# HTML5 History Mode

The default mode for vue-router is hash mode - it uses the URL hash to simulate a full URL so that the page won't be reloaded when the URL changes.

To get rid of the hash, we can use the router's history mode, which leverages the history.pushState API to achieve URL navigation without a page reload:

const router = new VueRouter({
  mode: 'history',
  routes: [...]

When using history mode, the URL will look "normal," e.g. http://oursite.com/user/id. Beautiful!

Here comes a problem, though: Since our app is a single page client side app, without a proper server configuration, the users will get a 404 error if they access http://oursite.com/user/id directly in their browser. Now that's ugly.

Not to worry: To fix the issue, all you need to do is add a simple catch-all fallback route to your server. If the URL doesn't match any static assets, it should serve the same index.html page that your app lives in. Beautiful, again!

# Example Server Configurations

Note: The following examples assume you are serving your app from the root folder. If you deploy to a subfolder, you should use the publicPath option of Vue CLI (opens new window) and the related base property of the router (opens new window). You also need to adjust the examples below to use the subfolder instead of the root folder (e.g. replacing RewriteBase / with RewriteBase /name-of-your-subfolder/).

# Apache

<IfModule mod_negotiation.c>
  Options -MultiViews
<IfModule mod_rewrite.c>
  RewriteEngine On
  RewriteBase /
  RewriteRule ^index\.html$ - [L]
  RewriteCond %{REQUEST_FILENAME} !-f
  RewriteCond %{REQUEST_FILENAME} !-d
  RewriteRule . /index.html [L]

Instead of mod_rewrite, you could also use FallbackResource (opens new window).

# nginx

location / {
  try_files $uri $uri/ /index.html;

# Native Node.js

const http = require('http')
const fs = require('fs')
const httpPort = 80

http.createServer((req, res) => {
  fs.readFile('index.html', 'utf-8', (err, content) => {
    if (err) {
      console.log('We cannot open "index.html" file.')

    res.writeHead(200, {
      'Content-Type': 'text/html; charset=utf-8'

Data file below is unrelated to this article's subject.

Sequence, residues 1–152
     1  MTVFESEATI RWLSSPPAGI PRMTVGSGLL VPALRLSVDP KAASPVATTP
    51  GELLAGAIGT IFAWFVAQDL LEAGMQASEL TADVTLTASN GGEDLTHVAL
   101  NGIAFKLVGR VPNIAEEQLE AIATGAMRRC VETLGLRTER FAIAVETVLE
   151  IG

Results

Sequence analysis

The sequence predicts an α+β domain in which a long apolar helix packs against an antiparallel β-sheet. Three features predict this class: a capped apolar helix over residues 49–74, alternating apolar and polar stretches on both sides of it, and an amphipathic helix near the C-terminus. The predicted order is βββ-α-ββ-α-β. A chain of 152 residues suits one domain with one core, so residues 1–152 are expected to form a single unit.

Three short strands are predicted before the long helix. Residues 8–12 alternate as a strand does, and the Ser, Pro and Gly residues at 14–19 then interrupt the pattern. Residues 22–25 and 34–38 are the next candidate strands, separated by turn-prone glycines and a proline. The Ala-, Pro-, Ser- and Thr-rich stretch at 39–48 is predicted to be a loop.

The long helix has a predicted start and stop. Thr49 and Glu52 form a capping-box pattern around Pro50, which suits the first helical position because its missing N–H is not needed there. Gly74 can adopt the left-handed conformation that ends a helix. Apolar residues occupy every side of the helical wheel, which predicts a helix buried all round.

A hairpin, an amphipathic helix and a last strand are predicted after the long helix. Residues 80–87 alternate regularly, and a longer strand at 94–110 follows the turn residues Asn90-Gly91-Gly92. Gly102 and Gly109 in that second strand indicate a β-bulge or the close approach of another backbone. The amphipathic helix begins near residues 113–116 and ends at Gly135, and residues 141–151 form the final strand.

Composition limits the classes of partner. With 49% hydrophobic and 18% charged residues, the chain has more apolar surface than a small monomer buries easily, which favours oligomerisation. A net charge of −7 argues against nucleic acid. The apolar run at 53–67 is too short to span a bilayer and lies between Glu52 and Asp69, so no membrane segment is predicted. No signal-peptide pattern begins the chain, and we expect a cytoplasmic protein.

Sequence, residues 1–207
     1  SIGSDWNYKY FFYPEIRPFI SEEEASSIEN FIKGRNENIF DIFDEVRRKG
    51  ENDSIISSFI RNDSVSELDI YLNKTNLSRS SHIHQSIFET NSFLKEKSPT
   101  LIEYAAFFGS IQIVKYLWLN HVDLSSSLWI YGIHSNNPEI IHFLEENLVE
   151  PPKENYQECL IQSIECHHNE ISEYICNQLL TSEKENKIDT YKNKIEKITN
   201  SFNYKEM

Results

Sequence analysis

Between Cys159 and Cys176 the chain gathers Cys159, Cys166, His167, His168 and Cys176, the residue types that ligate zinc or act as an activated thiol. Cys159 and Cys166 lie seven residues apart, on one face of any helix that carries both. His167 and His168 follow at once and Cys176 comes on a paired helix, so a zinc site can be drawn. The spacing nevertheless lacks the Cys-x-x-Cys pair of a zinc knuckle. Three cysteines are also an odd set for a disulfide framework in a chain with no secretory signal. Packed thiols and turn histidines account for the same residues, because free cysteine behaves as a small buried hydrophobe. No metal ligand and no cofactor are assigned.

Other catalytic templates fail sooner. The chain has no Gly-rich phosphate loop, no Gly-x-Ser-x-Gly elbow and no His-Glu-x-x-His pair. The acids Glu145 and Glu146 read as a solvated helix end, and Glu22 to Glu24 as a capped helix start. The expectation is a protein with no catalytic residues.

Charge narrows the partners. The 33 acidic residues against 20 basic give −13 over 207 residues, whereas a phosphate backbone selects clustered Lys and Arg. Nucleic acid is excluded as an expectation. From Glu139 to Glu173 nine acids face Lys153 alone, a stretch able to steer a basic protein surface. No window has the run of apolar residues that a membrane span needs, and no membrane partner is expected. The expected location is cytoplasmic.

}).listen(httpPort, () => {
  console.log('Server listening on: http://localhost:%s', httpPort)

# Express with Node.js

For Node.js/Express, consider using connect-history-api-fallback middleware (opens new window).

# Internet Information Services (IIS)

  1. Install IIS UrlRewrite (opens new window)
  2. Create a web.config file in the root directory of your site with the following:
<?xml version="1.0" encoding="UTF-8"?>
        <rule name="Handle History Mode and custom 404/500" stopProcessing="true">
          <match url="(.*)" />
          <conditions logicalGrouping="MatchAll">
            <add input="{REQUEST_FILENAME}" matchType="IsFile" negate="true" />
            <add input="{REQUEST_FILENAME}" matchType="IsDirectory" negate="true" />
          <action type="Rewrite" url="/" />

# Caddy v2

try_files {path} /

# Caddy v1

rewrite {
    regexp .*
    to {path} /

# Firebase hosting

Add this to your firebase.json:

  "hosting": {
    "public": "dist",
    "rewrites": [
        "source": "**",
        "destination": "/index.html"

# Caveat

There is a caveat to this: Your server will no longer report 404 errors as all not-found paths now serve up your index.html file. To get around the issue, you should implement a catch-all route within your Vue app to show a 404 page:

const router = new VueRouter({
  mode: 'history',
  routes: [
      path: '/:catchAll(.*)', 
      component: NotFoundComponent,
      name: 'NotFound'

Alternatively, if you are using a Node.js server, you can implement the fallback by using the router on the server side to match the incoming URL and respond with 404 if no route is matched. Check out the Vue server side rendering documentation (opens new window) for more information.